Dec 5, 2008


In an online discussion of how to "break through the endless Catch-22 of gaining experience", Japanese to English translator Rod Walters had an excellent suggestion. He noted that real evidence of the ability to translate well is generally more compelling than "experience". Given the miserable work I have seen from some translators with decades of experience, I would have to agree with this.

Rod suggests preparing a portfolio of translations in one's chosen fields and hawking it relentlessly with prospects, showing it on your web site, in a distributable PDF and as hardcopy. While this is a rather "obvious" suggestion, I'll bet that only a small minority have gone to the trouble of putting together such a portfolio. It is an excellent alternative to the foolish practice of doing free test translations.


  1. What a fabulous idea. So obvious, yet not very common. I will definitely share this with the students at Kent.

  2. Great suggestion. We are pretty much opposed to test translations, but provide previous translations in all our language pairs to people who request we do translation exams. We have nicely prepared documents for this in Word and PDF format, but we haven't put them on our site yet.

    Just discovered your blog through Jill's -- I like it and will add it to our blogroll.

  3. Yes, I really liked Rod's idea of putting the sample translations all together in a portfolio. In a sense that's what I did ages ago on my ProZ profile recycling various test translations and one I got scammed on, but this way is much more accessible and versatile.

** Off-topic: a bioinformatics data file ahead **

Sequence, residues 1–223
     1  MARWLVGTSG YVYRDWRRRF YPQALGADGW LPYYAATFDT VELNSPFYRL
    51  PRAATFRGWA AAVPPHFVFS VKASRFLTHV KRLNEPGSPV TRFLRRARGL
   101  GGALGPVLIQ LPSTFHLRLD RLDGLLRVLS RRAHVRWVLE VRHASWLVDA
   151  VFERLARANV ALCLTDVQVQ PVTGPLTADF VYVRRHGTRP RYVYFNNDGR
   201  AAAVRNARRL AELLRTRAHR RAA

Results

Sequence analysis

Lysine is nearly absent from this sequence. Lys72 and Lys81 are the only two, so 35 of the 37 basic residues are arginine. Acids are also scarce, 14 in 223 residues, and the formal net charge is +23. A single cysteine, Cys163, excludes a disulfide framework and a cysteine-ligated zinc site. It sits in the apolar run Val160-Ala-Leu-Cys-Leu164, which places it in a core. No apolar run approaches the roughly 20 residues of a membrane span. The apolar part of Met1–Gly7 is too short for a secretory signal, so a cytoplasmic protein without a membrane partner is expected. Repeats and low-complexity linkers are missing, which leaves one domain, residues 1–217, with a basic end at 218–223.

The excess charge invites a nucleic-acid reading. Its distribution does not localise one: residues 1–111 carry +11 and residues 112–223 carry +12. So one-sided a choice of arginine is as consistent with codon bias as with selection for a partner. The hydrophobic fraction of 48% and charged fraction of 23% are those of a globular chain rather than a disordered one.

The other nice thing about the "package" like this is that one can include a translator's profile (not that I do not say CV!), recommendations and copies of key documents such as certificates verifying status as a court-sworn translator or other specialist qualifications. All in a nicely organized, bookmarked PDF with a table of contents if you will.
    I haven't done that in this form yet for marketing our services, but I did do a confidential business plan that included all of the above, as well as the usual risk analyses, a survey of marketing strategies, etc. a few years ago, and it worked miracles in convincing the banks that we were a serious business worth supporting. (Anyone interested in an article I wrote on business plans for translators can look here.

  4. When I started out in the U.S. many years ago, coming from Japan, I had a portfolio with samples, letters of recommendations etc. What I found quickly was that nobody was interested in it. Perhaps times have changed.

    I would like to mention one argument for translation "tests": During my years in Japan we hired a number of translators, and it was not uncommon to get 200 or more applications after advertising our translator positions in Germany. We preferred to see how the shortlisted candidates handled the same text rather than look at a variety of translation samples. That way we could select a text typical for our kind of work – and it was easier to compare the results.